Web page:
For IBM the next great advance in computing will be optical circuits: they manage to efficiently guide light through a silicon
In recent years and as we have been approaching the limits of Moore’s Law different companies have sought alternatives to improve the performance of computers. Every time we try to put more transistors and it is becoming more complex, so from IBM other alternatives have been proposed that have not so much to do with the number of transistors but with what is used in them. In this case, light.
According to IBM, the speed of processors has stagnated for the last decade and a half to a few gigahertz. That is, as much as we want to get more performance out of the chips, they do not give for more with current technology. Your idea to fix this bottleneck has to do with change the complete operation of the circuits.
From electronic circuit to optical circuit
Optical circuits they are the next big thing in computing for IBM. The company claims to have for the first time managed to efficiently guide visible light through silicon. This is undoubtedly an important step forward to achieve faster and more efficient chips. Why? Because visible light travels faster than electricity between transistors.
Optical circuits encode information using light instead of electronics. They are not entirely new but yes, the important advances are just taking place due to the difficulties that technology presents. IBM built the first optical transistor that operated at room temperature in 2019. Now they claim to have molded silicon to guide light between these transistors.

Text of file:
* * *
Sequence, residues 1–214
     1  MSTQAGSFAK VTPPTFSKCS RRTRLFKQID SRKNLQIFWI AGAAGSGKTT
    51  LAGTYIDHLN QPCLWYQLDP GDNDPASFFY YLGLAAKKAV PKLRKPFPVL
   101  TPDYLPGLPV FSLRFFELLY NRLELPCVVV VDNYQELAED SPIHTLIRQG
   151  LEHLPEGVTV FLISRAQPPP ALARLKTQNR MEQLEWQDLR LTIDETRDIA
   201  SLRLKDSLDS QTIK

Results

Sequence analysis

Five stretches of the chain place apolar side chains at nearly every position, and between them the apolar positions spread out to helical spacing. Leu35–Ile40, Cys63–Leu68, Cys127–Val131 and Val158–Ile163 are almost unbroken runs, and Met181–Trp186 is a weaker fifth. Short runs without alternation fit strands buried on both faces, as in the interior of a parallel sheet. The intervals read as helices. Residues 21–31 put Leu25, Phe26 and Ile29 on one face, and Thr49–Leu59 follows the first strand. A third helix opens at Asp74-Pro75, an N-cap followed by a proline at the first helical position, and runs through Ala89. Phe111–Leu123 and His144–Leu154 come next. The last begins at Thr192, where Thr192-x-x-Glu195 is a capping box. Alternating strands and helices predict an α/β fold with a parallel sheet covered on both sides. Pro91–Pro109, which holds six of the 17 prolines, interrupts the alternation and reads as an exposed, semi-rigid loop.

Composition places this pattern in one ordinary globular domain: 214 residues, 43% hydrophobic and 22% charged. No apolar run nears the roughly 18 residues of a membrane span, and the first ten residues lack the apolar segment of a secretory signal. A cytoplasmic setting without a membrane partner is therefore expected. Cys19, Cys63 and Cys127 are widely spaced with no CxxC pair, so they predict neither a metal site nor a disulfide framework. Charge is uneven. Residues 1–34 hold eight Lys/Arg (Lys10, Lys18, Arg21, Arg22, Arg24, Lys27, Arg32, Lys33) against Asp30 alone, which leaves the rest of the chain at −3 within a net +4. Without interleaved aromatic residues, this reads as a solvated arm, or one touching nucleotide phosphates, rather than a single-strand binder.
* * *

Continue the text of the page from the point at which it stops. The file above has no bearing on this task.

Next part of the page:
The use of silicon for this it has its advantages and disadvantages. The good part is that it is relatively cheap and common, since it is the element currently used for chips, after all. The bad part is that it is quite a challenge to prevent it from absorbing visible light. IBM says that to avoid this they built a kind of nanometer-thick grid around the silicon “tube”. This reflective grating prevented the light from escaping and the photons were thus able to reach their destination.
Despite the progress, there is still a long way to go until we see an optical chip in good condition, cheap and easy to manufacture. They say the next step for now is to design the efficient coupling of light from silicon to other components. Ultimately everything consists of creating “paths” to carry light from one place to another, “paths” like the cables we use to transmit electricity. Meanwhile, other companies such as Intel propose other alternatives such as neuromorphic processors, what win by a landslide to traditional CPUs in some respects.
Via | IBM